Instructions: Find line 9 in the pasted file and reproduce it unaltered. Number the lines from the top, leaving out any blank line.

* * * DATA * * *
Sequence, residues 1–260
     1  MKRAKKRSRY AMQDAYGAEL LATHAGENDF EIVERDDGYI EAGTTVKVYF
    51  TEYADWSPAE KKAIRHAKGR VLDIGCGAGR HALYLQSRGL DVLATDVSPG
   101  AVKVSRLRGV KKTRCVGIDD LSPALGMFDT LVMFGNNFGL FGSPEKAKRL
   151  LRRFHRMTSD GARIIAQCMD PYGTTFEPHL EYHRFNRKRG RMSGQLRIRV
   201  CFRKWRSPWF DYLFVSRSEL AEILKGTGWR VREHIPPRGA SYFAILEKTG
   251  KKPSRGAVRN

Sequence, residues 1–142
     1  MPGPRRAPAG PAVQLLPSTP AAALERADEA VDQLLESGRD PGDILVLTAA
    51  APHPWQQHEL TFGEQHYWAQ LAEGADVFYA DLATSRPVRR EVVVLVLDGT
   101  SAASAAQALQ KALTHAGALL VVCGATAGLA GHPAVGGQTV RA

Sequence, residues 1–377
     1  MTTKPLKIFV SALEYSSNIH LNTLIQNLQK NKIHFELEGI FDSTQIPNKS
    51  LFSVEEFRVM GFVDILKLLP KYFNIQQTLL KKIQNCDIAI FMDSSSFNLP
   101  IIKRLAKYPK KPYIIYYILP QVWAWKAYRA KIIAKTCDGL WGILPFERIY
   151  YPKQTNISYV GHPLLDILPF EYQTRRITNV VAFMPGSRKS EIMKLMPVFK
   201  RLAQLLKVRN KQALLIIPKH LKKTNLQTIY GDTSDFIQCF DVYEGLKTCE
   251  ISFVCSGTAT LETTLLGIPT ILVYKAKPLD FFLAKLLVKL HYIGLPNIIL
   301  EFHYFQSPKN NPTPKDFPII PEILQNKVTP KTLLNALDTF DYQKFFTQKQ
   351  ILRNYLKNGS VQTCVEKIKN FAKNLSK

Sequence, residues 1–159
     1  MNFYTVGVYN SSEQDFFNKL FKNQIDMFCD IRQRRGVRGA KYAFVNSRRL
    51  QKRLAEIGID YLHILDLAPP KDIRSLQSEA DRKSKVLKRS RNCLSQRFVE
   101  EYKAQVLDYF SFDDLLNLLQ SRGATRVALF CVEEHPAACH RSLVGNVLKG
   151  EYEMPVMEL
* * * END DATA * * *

     1  MPGPRRAPAG PAVQLLPSTP AAALERADEA VDQLLESGRD PGDILVLTAA